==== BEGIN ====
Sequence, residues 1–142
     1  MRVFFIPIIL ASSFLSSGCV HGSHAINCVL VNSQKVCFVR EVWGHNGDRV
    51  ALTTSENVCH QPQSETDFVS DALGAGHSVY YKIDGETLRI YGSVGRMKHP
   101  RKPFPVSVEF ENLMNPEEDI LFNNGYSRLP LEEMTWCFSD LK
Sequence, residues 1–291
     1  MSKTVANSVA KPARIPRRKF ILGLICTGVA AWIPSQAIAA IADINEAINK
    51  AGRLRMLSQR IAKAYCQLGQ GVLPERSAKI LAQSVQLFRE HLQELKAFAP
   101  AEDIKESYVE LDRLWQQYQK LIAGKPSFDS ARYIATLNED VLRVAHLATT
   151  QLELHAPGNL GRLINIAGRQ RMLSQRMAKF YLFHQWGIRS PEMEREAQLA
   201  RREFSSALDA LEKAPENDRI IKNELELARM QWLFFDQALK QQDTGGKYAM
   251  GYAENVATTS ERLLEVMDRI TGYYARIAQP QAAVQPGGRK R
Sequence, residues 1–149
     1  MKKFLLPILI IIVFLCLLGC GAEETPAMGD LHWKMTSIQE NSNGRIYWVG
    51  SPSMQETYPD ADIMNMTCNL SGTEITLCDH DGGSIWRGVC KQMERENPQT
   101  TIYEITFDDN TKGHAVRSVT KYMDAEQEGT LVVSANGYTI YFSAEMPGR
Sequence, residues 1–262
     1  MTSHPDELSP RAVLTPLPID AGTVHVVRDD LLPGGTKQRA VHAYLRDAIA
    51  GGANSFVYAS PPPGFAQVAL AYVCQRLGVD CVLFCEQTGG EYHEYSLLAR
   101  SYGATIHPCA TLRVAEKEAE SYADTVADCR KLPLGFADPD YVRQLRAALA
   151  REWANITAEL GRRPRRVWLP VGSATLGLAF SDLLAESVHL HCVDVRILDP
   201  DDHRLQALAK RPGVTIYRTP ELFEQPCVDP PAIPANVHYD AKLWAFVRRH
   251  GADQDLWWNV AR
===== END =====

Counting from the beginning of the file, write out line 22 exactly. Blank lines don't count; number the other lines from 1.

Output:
   251  GADQDLWWNV AR